The Society for Social Work and Research

2014 Annual Conference

January 15-19, 2014 I Grand Hyatt San Antonio I San Antonio, TX

Determinants of Gay Affirmative Practice Among Mental Health Practitioners

Friday, January 17, 2014: 10:30 AM
HBG Convention Center, Room 008A River Level (San Antonio, TX)
* noted as presenting author
Edward J. Alessi, PhD, Assistant Professor, Rutgers University, Newark, NJ
Frank Dillon, PhD, Assistant Professor, Florida International University, Miami, FL
Mi Sung Kim, PhD, Adjunct Lecturer, Rutgers University, New Brunswick, NJ
Purpose: The empirical as well as theoretical literature suggests that holding positive attitudes toward lesbian, gay, and bisexual (LGB) individuals is necessary for mental health practitoner engagement in gay affirmative practice (GAP; Crisp, 2006). Participating in training on LGB issues is also essential for exploring practitioner attitudes as well as increasing knowledge and skills in regard to GAP (Lyons, 2010). However, research has not accounted for the potential mechanisms that underlie the relationship between attitudes and training experiences and practitioner engagement in GAP (e.g., counseling self-efficacy and beliefs about GAP). The purpose of this investigation was to test a conceptual model that explains the determinants of GAP among mental health practitioners. The development of our model was based on theorized notions that affirmative attitudes toward LGB individuals and LGB-affirmative training experiences will positively influence beliefs about GAP and LGB-affirmative counseling self-efficacy, which in turn will influence practitioner engagement in GAP. 

Method: We recruited a nationwide sample of heterosexual psychologists (n=270), clinical social workers (n=110), and marriage and family therapists (n=63) through the Internet. Participants completed on-line questionnaires examining hours of training, attitudes toward LGB individuals (Worthington, Dillon, & Becker-Schutte); LGB-affirmative counseling self-efficacy (Dillon & Worthington, 2003); and beliefs and engagement in GAP (Crisp, 2006).

Results: We used structural path analysis to examine our proposed model using standard model fit criteria. The cutoff scores used were: chi-square model fit statistic, p > .05 (Ullman, 2001), minimum discrepancy chi-square (CMIN/DF) < 5 (Marsh & Hocevar, 1985), comparative fit index (CFI) > .95 (Hu & Bentler, 1998), and root-mean-square-error of approximation (RMSEA) < .10, with a 90% confidence interval (Kline, 2010). Our proposed path model converged after six iterations. Model fit criteria suggested the model provided a good fit to the data, χ2 (2) = 5.50, p > .05; CMIN/DF = 2.75; CFI = .99, and RMSEA = .06, 90% confidence interval [.00-.13]. The structural model accounted for 45% of the variance in practitioner engagement in GAP. The three hypothesized direct paths were significant: affirmative attitudes were associated with practitioner engagement in GAP and more hours of LGB-related training as well as more positive beliefs about GAP were associated with higher levels of LGB-affirmative counseling self-efficacy. Two mediation paths were significant: beliefs in GAP mediated associations between attitudes and practitioner engagement in GAP (β = -.28, p < .001, 95% CI [-.34- -.21]) and LGB-affirmative counseling self-efficacy mediated associations between attitudes and practitioner engagement in GAP (β = -.02, p< .05, 95% CI [-.04- -.001]). Bootstrap methods supported the magnitude of these indirect effects.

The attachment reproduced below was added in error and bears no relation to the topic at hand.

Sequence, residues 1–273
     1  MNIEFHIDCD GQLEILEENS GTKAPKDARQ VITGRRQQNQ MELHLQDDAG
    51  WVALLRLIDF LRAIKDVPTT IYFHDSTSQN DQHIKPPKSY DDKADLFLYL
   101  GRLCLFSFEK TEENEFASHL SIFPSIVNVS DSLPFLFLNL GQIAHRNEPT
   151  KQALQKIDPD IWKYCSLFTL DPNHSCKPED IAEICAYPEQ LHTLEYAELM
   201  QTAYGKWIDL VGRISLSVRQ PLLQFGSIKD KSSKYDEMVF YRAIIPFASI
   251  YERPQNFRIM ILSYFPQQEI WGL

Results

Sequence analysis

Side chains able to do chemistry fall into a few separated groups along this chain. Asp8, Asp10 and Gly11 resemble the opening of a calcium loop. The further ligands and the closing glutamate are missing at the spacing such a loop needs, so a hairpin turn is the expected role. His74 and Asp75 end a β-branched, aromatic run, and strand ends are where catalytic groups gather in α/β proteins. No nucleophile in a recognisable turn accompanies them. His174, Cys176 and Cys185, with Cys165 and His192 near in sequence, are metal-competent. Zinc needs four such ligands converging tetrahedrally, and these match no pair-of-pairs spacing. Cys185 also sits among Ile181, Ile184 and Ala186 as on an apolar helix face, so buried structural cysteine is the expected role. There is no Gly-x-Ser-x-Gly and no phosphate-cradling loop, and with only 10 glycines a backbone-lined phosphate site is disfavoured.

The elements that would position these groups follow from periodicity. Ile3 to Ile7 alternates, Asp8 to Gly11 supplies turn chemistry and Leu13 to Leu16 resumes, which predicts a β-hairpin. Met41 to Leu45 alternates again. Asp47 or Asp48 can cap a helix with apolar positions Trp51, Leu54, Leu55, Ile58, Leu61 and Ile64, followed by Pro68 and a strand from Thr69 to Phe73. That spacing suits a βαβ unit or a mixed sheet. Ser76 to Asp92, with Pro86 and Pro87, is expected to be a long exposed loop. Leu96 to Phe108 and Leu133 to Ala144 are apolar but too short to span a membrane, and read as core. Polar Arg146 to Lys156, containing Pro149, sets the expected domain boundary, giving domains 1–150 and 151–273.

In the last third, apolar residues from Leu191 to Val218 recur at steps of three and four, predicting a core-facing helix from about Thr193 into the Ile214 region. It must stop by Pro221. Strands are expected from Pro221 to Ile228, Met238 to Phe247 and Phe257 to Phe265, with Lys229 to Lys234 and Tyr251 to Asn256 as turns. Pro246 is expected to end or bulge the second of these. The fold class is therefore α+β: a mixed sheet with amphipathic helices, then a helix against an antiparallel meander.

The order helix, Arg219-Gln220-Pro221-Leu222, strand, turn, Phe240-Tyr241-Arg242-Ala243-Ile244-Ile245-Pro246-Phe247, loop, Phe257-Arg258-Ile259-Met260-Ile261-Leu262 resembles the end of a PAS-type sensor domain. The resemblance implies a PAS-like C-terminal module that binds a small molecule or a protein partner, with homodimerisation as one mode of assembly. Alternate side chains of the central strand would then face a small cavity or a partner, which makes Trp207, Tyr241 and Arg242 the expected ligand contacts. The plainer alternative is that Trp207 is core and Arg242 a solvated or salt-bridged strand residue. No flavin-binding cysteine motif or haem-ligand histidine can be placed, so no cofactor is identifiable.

Implications: The significant mediation effects tell us the underlying reasons why practitioners with more affirmative attitudes engage in more GAP: (a) they hold more positive beliefs about GAP and (b) have more self-efficacy about their ability to practice affirmatively. Training interventions should concomitantly target affirmative attitudes and beliefs to increase GAP as well as foster LGB-affirmative counseling self-efficacy to enhance the likelihood that training interventions will be effective in promoting GAP.